Emgality® (Galcanezumab)

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Was galcanezumab associated with blood pressure changes in clinical trials?

Treatment with galcanezumab did not result in hemodynamic changes consistent with vasoconstriction. The incidences of categorical changes or sustained increases in blood pressure at any time post baseline were similar between placebo and galcanezumab.

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The information contained in this letter may not completely match the current local labeling for GALCANEZUMAB. Please see local labeling approved in your country. 

Analysis of Blood Pressure Changes in Clinical Studies

The cardiovascular adverse event profile of galcanezumab was evaluated using integrated data from a total of 5 placebo-controlled studies with up to 6 months of galcanezumab exposure (with 573.4 patient-years of exposure).1

Galcanezumab doses were pooled prior to the analysis, as galcanezumab doses were different across studies.1

In these studies, the majority of patients were female (>75%) and Caucasian (>75%), with a mean age of 41 to 42 years.2

Changes in blood pressure were evaluated as

  • categorical increases or decreases, and
  • sustained increases.2,3

This integrated analysis found that there were no significant differences between the galcanezumab and placebo groups in the frequency of

  • categorical increases or decreases in blood pressure, or
  • sustained increases in blood pressure.2,3

These findings are consistent with, and expand upon, an earlier analysis of cardiovascular safety based on data from 3 placebo-controlled studies which found that treatment with galcanezumab

  • did not result in hemodynamic changes consistent with vasoconstriction, and
  • did not increase the incidences of categorical or sustained increase in blood pressure at any time post baseline compared with placebo.4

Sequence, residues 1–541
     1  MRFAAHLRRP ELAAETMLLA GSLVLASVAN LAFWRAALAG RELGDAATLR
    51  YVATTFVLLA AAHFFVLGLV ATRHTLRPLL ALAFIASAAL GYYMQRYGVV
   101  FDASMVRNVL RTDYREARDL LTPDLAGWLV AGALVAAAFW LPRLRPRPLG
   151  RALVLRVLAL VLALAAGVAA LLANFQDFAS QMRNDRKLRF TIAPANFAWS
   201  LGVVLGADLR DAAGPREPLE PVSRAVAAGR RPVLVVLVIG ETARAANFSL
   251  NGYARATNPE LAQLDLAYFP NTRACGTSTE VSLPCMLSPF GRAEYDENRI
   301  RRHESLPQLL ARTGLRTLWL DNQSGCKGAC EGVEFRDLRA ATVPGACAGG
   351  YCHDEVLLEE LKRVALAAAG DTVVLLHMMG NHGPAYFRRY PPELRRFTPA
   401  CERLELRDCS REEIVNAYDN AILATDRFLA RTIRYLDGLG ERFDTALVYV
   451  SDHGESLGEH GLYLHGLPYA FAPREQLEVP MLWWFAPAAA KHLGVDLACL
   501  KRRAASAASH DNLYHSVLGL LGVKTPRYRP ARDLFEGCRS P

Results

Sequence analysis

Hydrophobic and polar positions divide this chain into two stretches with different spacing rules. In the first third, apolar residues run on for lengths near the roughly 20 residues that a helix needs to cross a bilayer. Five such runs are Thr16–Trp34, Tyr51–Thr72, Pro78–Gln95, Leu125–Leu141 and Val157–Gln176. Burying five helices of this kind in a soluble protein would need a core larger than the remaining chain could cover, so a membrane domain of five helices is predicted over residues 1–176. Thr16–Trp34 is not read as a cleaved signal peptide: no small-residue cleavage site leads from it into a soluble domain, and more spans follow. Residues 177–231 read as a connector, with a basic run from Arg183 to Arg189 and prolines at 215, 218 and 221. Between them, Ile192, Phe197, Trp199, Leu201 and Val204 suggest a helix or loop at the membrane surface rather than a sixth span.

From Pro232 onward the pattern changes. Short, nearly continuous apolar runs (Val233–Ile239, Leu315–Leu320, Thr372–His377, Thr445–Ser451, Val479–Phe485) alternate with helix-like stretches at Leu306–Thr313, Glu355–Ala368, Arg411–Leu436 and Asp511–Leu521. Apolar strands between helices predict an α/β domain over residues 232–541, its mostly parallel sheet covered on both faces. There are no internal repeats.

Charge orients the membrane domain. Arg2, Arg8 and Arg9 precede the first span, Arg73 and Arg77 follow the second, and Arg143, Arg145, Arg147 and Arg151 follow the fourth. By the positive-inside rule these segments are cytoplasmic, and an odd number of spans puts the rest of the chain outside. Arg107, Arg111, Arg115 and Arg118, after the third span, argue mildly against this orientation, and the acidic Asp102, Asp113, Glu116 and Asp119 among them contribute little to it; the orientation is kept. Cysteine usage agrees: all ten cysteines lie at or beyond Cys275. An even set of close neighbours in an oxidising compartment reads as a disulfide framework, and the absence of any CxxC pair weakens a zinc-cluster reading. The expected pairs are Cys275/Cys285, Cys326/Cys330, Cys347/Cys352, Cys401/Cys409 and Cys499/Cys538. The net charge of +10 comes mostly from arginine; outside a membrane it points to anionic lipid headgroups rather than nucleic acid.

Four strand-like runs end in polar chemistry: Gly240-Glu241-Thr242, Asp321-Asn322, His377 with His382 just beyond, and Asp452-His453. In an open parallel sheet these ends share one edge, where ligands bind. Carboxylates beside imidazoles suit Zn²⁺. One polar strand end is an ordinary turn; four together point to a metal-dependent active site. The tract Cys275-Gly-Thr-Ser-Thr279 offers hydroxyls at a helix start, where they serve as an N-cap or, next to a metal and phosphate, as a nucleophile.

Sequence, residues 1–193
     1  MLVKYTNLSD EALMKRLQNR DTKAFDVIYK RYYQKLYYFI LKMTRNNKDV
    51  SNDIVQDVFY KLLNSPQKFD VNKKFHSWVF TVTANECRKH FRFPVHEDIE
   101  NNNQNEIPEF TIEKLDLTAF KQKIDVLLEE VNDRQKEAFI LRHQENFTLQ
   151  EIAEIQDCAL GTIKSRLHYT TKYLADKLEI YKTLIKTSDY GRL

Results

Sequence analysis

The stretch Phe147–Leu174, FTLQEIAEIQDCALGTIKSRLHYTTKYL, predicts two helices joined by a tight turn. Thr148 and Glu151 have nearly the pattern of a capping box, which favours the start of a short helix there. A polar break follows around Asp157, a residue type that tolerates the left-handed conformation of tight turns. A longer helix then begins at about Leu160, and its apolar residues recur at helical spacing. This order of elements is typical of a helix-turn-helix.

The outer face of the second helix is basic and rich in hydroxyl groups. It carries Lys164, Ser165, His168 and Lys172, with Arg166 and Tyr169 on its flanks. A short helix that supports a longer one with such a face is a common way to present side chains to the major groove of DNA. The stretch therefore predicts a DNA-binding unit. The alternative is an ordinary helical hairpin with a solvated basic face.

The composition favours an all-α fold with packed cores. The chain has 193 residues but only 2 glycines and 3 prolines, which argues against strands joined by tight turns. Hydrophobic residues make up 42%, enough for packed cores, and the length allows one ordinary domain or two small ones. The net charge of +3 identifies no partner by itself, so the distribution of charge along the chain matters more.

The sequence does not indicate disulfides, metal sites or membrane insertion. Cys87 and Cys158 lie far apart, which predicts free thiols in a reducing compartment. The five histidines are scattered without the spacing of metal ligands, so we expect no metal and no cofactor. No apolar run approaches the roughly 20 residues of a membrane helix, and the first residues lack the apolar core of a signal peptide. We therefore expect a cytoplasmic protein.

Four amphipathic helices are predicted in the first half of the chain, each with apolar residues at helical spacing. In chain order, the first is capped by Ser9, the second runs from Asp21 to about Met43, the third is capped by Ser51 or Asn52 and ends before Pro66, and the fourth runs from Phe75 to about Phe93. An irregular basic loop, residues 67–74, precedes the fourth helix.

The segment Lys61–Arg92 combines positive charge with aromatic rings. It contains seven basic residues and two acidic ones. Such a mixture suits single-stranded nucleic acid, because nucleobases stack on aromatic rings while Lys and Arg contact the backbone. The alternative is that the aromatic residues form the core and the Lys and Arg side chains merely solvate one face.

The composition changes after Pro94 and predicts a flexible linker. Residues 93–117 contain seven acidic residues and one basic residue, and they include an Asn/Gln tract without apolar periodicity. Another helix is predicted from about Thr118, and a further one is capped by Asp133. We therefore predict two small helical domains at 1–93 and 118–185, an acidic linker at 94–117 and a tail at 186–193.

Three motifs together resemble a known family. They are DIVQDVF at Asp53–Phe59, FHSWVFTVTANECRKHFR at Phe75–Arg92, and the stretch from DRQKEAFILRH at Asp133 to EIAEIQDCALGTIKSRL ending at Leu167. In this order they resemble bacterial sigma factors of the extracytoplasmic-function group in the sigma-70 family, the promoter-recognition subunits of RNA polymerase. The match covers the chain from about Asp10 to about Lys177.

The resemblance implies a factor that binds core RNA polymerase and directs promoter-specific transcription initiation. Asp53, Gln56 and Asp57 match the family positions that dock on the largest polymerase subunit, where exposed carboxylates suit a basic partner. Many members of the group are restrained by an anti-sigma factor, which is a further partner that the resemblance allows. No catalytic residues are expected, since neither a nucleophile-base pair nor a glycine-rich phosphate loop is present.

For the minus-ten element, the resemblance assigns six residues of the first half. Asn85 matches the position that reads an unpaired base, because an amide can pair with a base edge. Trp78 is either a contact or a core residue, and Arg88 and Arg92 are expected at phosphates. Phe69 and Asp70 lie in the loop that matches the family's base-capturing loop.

Categorical Changes in Blood Pressure Similar to Placebo

Categorical blood pressure increases were defined as

  • treatment-emergent high ≥140 mm Hg with ≥20 mm Hg increase in systolic blood pressure, or
  • treatment-emergent high ≥90 mm Hg with ≥10 mm Hg increase in diastolic blood pressure.2

Categorical blood pressure decreases were defined as

  • treatment-emergent low ≤90 mm Hg with ≥20 mm Hg decrease in systolic blood pressure, or
  • treatment-emergent low ≤50 mm Hg with ≥10 mm Hg decrease in diastolic blood pressure.3

The percentages of patients with categorical changes in systolic or diastolic blood pressure at any time post baseline were similar between treatment groups (Categorical Changes in Blood Pressure: Placebo-Controlled Group).2,3 The difference in the percentage of patients between the placebo and galcanezumab groups was less than 1% in the safety population.

Categorical Changes in Blood Pressurea: Placebo-Controlled Group2,3

 

PBO

GMB Pooledb

Safety population

N=1582

N=1580

Categorical increase

n (%)

n (%)

SBPa

47 (3.0)

51 (3.2)

DBPc

107 (6.8)

122 (7.7)

Categorical decrease

n (%)

n (%)

SBPd

7 (0.4)

11 (0.7)

DBPe

6 (0.4)

10 (0.6)

Abbreviations: DBP = diastolic blood pressure; GMB = galcanezumab; PBO = placebo; SBP = systolic blood pressure.

aCategorical increase in SBP was defined as treatment-emergent high ≥140 mm Hg with ≥20 mm Hg increase.

bAll galcanezumab doses combined.

cCategorical increase in DBP was defined as treatment-emergent high ≥90 mm Hg with ≥10 mm Hg increase.

dCategorical decrease in SBP was defined as treatment-emergent low ≤90 mm Hg with ≥20 mm Hg decrease in SBP.

eCategorical decrease in DBP was defined as treatment-emergent low ≤50 mm Hg with ≥10 mm Hg decrease in DBP.

Sustained Increases in Blood Pressure Similar to Placebo

Sustained blood pressure increases were defined as

  • elevation ≥140 mm Hg with ≥20 mm Hg increase in systolic blood pressure for 2 consecutive office visits, or